CCTV: Why are celebrities effective in advertising in China for both of your brands?
Mr. Lee: We use a lot of stars, who are very expensive, but they are not just the spokesperson, we use them as brand evangelists through what they wear and say in public campaigns, but they are doing this with conviction and passion. For example, they go out to charity events or even help us on packaging graphics, way beyond what we pay them.
Mr. Tatelman: We’ve used many stars in China such as Yao Ming to do an event with the Special Olympics here, but we also try to leverage young talent in China, especially through music. In Shanghai, for example, we’re using a young up-and-coming star in the music business. It’s a symbiotic relationship. It’s an incredible opportunity for an artist or celebrity to build their brand through us, so the artist generally comes to us with an idea and says we want to create our brand along with your brand.
CCTV: China has a large population and sometimes multinational marketers neglect western regions. How much potential do you see in the western regions?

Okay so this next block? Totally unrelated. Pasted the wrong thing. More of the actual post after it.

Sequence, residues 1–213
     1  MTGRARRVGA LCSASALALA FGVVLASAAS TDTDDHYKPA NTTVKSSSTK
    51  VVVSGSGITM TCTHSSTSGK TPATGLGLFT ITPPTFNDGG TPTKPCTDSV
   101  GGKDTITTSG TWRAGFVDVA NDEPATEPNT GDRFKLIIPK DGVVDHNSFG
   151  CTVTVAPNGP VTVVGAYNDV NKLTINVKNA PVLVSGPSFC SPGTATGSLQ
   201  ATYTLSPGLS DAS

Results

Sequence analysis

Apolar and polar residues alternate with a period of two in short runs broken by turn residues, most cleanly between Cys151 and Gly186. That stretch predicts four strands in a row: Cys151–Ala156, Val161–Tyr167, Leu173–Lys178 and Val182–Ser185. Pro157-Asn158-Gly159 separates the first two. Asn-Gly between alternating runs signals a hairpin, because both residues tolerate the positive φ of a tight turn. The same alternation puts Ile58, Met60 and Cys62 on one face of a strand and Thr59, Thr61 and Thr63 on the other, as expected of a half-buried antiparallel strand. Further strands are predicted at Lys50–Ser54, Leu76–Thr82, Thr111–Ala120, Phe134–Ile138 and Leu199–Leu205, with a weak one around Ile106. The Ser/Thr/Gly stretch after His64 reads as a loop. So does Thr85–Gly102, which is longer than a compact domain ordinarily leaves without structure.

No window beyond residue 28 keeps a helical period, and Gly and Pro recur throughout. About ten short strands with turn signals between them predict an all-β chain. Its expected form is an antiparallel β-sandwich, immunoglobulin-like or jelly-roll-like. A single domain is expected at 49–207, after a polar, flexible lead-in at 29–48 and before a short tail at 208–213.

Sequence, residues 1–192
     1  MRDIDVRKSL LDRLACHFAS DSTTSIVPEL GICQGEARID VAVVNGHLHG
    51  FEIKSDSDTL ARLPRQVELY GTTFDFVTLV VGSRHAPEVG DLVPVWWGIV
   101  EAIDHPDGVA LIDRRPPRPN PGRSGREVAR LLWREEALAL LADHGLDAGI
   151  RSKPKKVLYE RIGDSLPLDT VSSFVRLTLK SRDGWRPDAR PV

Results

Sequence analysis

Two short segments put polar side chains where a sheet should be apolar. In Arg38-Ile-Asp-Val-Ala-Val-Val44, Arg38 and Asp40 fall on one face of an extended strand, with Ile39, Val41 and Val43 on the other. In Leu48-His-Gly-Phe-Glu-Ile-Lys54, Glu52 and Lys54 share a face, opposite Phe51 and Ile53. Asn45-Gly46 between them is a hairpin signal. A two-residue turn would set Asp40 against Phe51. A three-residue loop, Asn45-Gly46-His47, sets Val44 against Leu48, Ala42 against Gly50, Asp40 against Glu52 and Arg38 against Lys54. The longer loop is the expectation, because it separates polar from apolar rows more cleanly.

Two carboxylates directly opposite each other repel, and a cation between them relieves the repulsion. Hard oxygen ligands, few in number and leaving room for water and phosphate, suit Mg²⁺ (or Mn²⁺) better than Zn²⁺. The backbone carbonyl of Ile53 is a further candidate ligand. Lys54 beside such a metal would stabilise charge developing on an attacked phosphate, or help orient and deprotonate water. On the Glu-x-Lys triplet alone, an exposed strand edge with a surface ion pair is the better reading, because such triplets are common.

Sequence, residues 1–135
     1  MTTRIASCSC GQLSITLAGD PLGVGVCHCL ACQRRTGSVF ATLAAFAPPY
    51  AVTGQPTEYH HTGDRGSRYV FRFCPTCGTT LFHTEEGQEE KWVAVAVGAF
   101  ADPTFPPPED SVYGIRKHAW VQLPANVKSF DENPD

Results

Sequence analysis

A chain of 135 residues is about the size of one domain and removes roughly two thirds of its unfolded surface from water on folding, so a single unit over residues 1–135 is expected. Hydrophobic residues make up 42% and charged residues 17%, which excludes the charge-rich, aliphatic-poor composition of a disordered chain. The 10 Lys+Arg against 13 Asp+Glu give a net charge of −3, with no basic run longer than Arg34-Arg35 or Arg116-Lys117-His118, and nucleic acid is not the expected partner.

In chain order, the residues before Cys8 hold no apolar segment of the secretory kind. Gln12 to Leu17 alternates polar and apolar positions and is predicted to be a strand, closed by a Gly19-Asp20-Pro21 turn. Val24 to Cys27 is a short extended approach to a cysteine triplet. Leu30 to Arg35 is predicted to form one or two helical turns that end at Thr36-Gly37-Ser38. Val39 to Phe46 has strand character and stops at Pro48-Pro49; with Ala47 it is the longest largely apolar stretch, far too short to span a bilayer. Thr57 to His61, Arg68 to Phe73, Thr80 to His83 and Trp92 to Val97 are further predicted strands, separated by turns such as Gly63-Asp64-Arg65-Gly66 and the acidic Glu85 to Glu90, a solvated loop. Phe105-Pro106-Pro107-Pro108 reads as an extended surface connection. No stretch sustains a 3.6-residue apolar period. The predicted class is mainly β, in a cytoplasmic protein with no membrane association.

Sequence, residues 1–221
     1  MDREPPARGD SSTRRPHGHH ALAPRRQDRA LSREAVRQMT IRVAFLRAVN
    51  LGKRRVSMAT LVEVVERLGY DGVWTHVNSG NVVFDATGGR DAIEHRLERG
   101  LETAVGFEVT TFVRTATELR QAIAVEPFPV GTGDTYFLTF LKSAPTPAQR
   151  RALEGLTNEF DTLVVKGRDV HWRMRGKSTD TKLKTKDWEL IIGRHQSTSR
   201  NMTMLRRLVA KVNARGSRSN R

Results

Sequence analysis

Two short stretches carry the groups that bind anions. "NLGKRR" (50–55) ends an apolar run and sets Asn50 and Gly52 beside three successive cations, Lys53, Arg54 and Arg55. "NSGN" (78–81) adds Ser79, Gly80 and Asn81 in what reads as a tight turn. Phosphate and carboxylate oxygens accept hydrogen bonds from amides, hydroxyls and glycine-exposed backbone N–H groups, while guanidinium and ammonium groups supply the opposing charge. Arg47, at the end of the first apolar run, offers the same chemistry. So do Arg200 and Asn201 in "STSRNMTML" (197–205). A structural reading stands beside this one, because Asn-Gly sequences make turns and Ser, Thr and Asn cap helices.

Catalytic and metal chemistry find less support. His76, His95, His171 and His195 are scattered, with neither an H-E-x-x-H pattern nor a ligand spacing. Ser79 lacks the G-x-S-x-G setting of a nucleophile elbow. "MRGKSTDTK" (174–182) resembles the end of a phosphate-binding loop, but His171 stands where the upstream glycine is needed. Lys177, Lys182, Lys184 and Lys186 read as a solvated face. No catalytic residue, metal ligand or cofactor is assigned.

Mr. Tatelman: We’ve been focusing for the past two years on expanding our distribution. Certainly it’s the No. 1 investment for us in this market, to expand our distribution into tier two, three, four and five cities and towns. Our marketing in those areas has been fantastic. We literally paint the walls of stores [and] buildings with advertising. It’s been very effective and we’ll continue to focus a tremendous amount of our resources into getting our brand and products into the suburban areas.
I’m also contradicting my friends and colleagues about the perceived lack of sophistication about Chinese in rural areas. You should never underestimate the sophistication of Chinese, especially in the electronic age. There are about 140,000 Internet cafes in China where you find youth engaged in shared gaming or surfing online. I don’t really find a lot of difference out in the suburban areas. Youth there are interested in the same aspirational attributes as youth in the big cities.
CCTV: How do you treat competition from local brands?
Mr. Lee: We do what we do best, although in many cases, the local brands have a big advantage, they can adapt to market conditions faster. We’re constantly trying to position Pepsi as a brand young people can relate to.
Mr. Tatelman: It’s not a question of if but when we see the emergence of very strong local brands, not only in China but globally. We compete with them already, Chinese brands control about 40% of the local mobile phone market and there is a consolidation going on in our business right now. There are too many brands and models. It’s confusing for consumers. We face strong competition from Chinese companies and it’s healthy, we learn a lot about understanding the market from what they do.
Mr. Lee: The key is to know the markets. In the third and fourth tier cities where local brands are strongest, we have dedicated marketing teams that take care of local executions with agility and strong local insights.